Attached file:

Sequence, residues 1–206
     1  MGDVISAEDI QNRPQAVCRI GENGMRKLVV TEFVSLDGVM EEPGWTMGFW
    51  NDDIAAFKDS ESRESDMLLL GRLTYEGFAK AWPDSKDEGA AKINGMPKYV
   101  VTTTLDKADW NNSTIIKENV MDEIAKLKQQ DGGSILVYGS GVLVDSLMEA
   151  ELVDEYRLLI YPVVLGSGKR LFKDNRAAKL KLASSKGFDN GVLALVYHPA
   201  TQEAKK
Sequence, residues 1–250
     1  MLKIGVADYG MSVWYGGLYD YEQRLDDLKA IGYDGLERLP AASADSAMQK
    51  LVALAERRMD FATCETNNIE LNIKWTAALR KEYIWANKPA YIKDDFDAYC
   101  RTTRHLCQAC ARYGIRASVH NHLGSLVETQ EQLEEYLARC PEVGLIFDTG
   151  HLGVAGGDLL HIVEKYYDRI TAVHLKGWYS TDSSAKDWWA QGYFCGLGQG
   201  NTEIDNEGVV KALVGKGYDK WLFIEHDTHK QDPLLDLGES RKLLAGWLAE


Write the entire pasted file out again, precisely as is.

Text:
Sequence, residues 1–206
     1  MGDVISAEDI QNRPQAVCRI GENGMRKLVV TEFVSLDGVM EEPGWTMGFW
    51  NDDIAAFKDS ESRESDMLLL GRLTYEGFAK AWPDSKDEGA AKINGMPKYV
   101  VTTTLDKADW NNSTIIKENV MDEIAKLKQQ DGGSILVYGS GVLVDSLMEA
   151  ELVDEYRLLI YPVVLGSGKR LFKDNRAAKL KLASSKGFDN GVLALVYHPA
   201  TQEAKK
Sequence, residues 1–250
     1  MLKIGVADYG MSVWYGGLYD YEQRLDDLKA IGYDGLERLP AASADSAMQK
    51  LVALAERRMD FATCETNNIE LNIKWTAALR KEYIWANKPA YIKDDFDAYC
   101  RTTRHLCQAC ARYGIRASVH NHLGSLVETQ EQLEEYLARC PEVGLIFDTG
   151  HLGVAGGDLL HIVEKYYDRI TAVHLKGWYS TDSSAKDWWA QGYFCGLGQG
   201  NTEIDNEGVV KALVGKGYDK WLFIEHDTHK QDPLLDLGES RKLLAGWLAE